Enabling Next-Generation Aerospace Development
From Armor & Mobility, July/August 2019 Issue
The U.S. Air Force has stood up a third Advanced Technology and Training Center (ATTC) to promote artificial intelligence and autonomous capabilities evolution.
By Ms. Debora Naguy, ATTC Director
This past April, the U.S. Air Force officially opened the third Advanced Technology and Training Center (ATTC). The focus of the new ATTC is on advancements in robotics and artificial intelligence (AI) for the United States Air Force. The ribbon-cutting ceremony opened with remarks from Dr. William Roper, Assistant Secretary of the Air Force for Acquisition, Technology, and Logistics and Lieutenant General Robert McMurry, Commander, Air Force Life Cycle Management Center (AFLCMC) followed by a facility open house and reception.
The Advanced Technology and Training Center, located in Pittsburgh, PA, (ATTC-PITT) was selected as the location for the third ATTC stand-up because Pittsburgh is a recognized city for robotics and AI advancements. By locating the ATTC-PITT in the center of it all, the USAF can effectively leverage and expedite adoption of information age solutions. ATTC-PITT operates out of a 12,500 square-foot contracted facility space, enabling the right opportunities for collaboration between academia, industry, research, and the Air Force maintenance community.
Growing Industrial Base
Pittsburgh is advancing in the industry of robotics, AI, and machine learning. Major companies such as, Google, Apple, Amazon, Disney, Bosch, Ford, Uber, GE, and Facebook are all present in Pittsburgh to leverage the robotic and AI research and development.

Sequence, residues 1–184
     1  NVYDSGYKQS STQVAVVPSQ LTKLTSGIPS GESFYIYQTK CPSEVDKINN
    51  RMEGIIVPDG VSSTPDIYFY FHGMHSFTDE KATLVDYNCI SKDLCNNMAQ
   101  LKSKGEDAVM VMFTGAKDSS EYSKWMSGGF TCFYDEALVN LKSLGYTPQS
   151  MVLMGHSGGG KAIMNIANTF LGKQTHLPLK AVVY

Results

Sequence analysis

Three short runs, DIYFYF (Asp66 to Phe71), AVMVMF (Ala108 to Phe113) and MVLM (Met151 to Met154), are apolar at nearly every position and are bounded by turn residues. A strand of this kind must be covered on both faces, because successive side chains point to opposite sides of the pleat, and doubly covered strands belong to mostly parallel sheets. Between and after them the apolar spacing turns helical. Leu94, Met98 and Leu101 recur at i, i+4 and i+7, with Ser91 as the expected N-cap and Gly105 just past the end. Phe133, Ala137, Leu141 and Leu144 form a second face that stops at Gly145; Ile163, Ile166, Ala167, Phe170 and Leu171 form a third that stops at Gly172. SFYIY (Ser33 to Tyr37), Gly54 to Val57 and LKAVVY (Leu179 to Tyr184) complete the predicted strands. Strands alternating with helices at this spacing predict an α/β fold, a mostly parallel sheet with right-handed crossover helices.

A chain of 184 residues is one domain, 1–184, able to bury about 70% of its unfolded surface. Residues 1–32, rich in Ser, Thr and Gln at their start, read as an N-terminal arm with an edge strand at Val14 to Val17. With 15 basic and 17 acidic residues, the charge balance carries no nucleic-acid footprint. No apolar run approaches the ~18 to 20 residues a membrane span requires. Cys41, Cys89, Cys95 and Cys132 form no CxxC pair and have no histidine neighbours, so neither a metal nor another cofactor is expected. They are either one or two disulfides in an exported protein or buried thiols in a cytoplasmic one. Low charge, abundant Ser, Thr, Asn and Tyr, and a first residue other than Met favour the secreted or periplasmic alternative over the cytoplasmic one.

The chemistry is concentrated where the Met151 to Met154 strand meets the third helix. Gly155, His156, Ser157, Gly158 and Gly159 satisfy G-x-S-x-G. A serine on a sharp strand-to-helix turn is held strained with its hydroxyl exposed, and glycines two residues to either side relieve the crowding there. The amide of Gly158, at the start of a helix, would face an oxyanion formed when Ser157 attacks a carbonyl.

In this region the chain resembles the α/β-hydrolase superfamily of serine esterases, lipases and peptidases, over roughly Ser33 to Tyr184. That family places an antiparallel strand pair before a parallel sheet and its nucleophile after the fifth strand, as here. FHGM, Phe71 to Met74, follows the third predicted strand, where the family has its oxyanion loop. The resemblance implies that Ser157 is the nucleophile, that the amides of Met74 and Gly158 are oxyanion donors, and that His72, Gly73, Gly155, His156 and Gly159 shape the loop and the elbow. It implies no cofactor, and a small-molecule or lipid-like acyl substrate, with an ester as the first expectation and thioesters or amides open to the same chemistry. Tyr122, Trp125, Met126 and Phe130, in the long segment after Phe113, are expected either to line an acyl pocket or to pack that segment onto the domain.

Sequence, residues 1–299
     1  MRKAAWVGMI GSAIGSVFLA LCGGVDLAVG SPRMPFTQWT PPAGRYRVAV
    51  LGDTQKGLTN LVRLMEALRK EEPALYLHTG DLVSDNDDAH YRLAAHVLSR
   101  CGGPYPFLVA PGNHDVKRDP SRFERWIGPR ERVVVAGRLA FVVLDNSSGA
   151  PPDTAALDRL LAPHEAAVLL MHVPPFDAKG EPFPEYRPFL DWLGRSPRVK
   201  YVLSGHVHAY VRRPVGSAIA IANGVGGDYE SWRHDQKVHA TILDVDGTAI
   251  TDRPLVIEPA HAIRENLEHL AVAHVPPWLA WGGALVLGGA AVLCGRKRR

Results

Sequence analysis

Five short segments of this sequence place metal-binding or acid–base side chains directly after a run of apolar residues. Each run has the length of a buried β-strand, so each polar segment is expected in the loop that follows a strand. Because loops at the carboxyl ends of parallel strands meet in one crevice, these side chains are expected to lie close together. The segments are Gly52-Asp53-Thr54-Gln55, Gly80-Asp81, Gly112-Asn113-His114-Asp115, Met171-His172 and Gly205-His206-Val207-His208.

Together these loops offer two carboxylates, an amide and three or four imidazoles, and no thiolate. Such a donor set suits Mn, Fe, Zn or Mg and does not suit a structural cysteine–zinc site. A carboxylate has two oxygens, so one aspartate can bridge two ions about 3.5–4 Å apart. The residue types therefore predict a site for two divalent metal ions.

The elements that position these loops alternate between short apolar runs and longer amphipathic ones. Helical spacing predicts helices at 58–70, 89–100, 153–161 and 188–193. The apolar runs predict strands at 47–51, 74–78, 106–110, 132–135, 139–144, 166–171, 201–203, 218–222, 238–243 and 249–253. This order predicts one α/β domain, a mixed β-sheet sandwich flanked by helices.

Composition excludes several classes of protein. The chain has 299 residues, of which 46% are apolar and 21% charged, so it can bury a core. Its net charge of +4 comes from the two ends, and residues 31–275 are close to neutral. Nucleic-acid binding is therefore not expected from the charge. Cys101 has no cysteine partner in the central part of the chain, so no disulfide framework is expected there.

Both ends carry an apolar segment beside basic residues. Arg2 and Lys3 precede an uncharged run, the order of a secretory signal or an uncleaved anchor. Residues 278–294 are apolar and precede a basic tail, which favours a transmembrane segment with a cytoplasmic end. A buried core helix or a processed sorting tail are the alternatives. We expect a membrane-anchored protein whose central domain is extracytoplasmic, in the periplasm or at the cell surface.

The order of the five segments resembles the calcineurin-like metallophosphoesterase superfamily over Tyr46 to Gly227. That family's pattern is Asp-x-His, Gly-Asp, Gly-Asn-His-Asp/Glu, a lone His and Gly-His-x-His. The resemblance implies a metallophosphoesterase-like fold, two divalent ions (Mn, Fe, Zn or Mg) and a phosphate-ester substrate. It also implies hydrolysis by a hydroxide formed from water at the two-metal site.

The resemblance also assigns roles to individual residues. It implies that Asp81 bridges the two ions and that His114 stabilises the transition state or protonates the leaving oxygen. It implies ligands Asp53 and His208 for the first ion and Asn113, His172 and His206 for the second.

There are 33 regional colleges and universities, including Carnegie Mellon University, University of Pittsburgh, Penn State, and Robert Morris providing a very high concentration of quality talent. Carnegie Mellon University is a powerhouse in the fields of Robotics and AI, offering the first Ph.D. in Robotics and undergraduate degree in AI, and consistently ranks as a top school for computer science and engineering.
Beyond Pittsburgh’s higher education organizations, the region has a motivated support network to fuel the growth of its high-tech startup community, with organizations like Innovation Works and the Richard King Mellon Foundation. Pittsburgh also has an active Technology Council, fostering a successful “incubator” environment.
Two Pittsburgh-based small businesses operate the ATTC-PITT under the guidance of Air Force Life Cycle Management Center, Product Support Engineering Division (AFLCMC/EZP). Titan Robotics, Inc. is closely tied to Carnegie Mellon University and has received an Edison Award and Department of Defense Great Idea Award for innovative automation with aircraft coating removal. PavCon, LLC is a key player in laying the foundation for the Air Force Condition Based Maintenance Plus (CBM+) program using machine learning and AI to predict component failure before affecting the mission. ATTC-PITT is equipped to deliver next- generation maintenance and sustainment solutions to the USAF. The ATTC team is dedicated to developing these technologies and deploying the solutions across the enterprise.
Building on Proven Capability